The distribution of HIV subtypes varies considerably across regions . In this study, at least 8 subtypes/CRFs were identified. The subtypes/CRFs distribution of HIV-1 in Suzhou City is similar to that in other areas according to previous studies [21,22,23,24], with CRF01_AE accounting for the majority, followed by CRF07_BC, subtype B and other subtypes. However, some other surveys in China showed different results, such as that in Yunnan province  and Minority Area . Besides, it was also different from that in Sierra Leone, Africa  or Florida, American , with CRF 02_AG and subtype B as the most common genotype, respectively. The HIV virus may benefit from the M46I, L33F and L10F substitutions, which can improve its resistance to PIs. In this study, V106M/I/A, K103N and V179D/E/T/L were the first three common mutations associated with NNRTIs resistance while M184V/I, D67N/G/S/H and K65R/N were the first three common mutations associated with NRTIs. These mutations were also high-frequency reported previous literatures [18, 29,30,31].
The probable emergence and spread of novel resistant strains deserve great attention. If viral genomes were recombinant and diverse, they could not be completely characterize using partial genomic sequences. Full genome sequencing can be used to confirm recombinants when viruses typing were unclassified or the results of different gene segments were inconsistent. A number of new HIV recombinants have been reported by near-full-length genome sequencing [32,33,34,35]. In this study, 12 recombinants were confirmed by performing full genome sequencing. All recombinant strains contained CRF 01_AE gene fragments. This may be related to the high prevalence of CRF 01_AE in the local area.
In conclusion, because of the severity and high fatality rate of HIV infections, the prevalence of drug resistant mutations HIV has aroused widespread social concern and posed a threat to public health. It is necessary to continuously monitor CD4+ T cell counts, viral load and drug-resistance mutations in order to timely adjust the medication regimen during antiviral therapy. The characteristics of genotypes and drug-resistance of the HIV-1 virus in Suzhou City were preliminary described in this study, but more and in-depth researches are required to provide more accurate scientific basis for HIV-infected prevention and control.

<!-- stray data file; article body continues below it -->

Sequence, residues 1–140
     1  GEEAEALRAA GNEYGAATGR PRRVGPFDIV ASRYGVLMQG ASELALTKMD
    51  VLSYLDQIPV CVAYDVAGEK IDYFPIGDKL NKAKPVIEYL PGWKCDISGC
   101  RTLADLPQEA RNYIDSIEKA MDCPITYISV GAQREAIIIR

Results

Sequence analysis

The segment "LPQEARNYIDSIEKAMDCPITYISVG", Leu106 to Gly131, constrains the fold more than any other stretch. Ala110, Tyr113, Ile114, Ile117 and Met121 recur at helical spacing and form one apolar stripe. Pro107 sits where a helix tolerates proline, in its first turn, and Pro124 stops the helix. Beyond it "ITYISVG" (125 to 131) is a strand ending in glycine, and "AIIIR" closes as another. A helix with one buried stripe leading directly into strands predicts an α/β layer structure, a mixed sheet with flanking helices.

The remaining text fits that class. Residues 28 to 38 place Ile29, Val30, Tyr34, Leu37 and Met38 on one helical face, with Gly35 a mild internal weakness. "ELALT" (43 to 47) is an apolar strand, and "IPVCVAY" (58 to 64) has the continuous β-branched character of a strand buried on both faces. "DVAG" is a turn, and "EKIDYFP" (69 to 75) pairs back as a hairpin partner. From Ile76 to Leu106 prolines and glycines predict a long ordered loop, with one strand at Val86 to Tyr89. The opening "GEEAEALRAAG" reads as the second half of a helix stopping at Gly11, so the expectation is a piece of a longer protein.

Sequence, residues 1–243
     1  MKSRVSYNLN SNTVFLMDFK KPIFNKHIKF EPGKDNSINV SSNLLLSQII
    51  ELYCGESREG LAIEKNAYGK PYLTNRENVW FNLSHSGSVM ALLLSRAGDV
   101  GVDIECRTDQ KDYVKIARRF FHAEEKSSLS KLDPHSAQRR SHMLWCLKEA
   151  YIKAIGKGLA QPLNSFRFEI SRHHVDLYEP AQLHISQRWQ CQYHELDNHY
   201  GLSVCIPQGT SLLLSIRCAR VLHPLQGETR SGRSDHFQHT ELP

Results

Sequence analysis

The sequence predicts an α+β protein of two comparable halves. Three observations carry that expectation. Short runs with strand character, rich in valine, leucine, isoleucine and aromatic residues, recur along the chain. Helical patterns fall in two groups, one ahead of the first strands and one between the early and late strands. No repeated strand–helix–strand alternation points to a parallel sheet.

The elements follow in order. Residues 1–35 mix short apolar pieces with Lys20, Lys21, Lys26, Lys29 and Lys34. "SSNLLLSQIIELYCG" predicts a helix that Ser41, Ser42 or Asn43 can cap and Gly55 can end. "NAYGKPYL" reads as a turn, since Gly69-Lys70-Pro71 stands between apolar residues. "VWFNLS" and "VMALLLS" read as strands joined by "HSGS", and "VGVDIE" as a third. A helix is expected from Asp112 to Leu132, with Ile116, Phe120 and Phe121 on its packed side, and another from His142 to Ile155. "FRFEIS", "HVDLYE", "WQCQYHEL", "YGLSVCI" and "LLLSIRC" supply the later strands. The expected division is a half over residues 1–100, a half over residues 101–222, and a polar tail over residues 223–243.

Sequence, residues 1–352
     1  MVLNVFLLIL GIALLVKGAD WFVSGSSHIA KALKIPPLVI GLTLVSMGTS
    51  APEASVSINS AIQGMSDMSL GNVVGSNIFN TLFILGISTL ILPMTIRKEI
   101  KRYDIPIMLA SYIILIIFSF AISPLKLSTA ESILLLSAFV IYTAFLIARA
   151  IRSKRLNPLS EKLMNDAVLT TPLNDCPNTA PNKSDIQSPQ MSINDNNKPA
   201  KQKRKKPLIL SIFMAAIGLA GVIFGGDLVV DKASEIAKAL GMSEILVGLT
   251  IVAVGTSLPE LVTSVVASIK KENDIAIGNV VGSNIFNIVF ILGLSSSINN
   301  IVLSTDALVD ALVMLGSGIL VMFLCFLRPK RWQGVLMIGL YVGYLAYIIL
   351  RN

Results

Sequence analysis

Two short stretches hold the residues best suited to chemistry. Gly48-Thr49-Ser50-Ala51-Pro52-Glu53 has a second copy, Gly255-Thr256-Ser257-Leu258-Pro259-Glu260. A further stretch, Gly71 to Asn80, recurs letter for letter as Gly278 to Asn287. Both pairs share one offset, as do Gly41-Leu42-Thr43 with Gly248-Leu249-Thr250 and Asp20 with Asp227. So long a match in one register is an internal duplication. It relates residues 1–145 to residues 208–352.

Availability of data and materials
The epidemiological data and pol gene sequences of this article are available in the drug resistance database of the National Center for AIDS/STD Disease Control and Prevention, China CDC.
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We express our gratitude to the authors and submitting laboratories for sharing their HIV sequences in the public databases.
This study was supported by Suzhou Key technologies for the Prevention and Control of Major and Infectious Diseases (GWZX201902), The Key Medical Discipline of Suzhou (SZXK202117) and “National Tutorial System” Training Project for Young Health Backbone Talents in Suzhou (QNGG2022030).
Ethics approval and consent to participate
The Suzhou Center for Disease Control and Prevention (CDC) ethics committee approved the study and all experiments were in line with relevant rules and regulations.
There were no competing interests of this manuscript.
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Dong, Z., Xu, Z., Zhou, Y. et al. Genetic characterization of HIV-1 viruses among cases with antiretroviral therapy failure in Suzhou City, China. AIDS Res Ther 20, 41 (2023). https://doi.org/10.1186/s12981-023-00540-0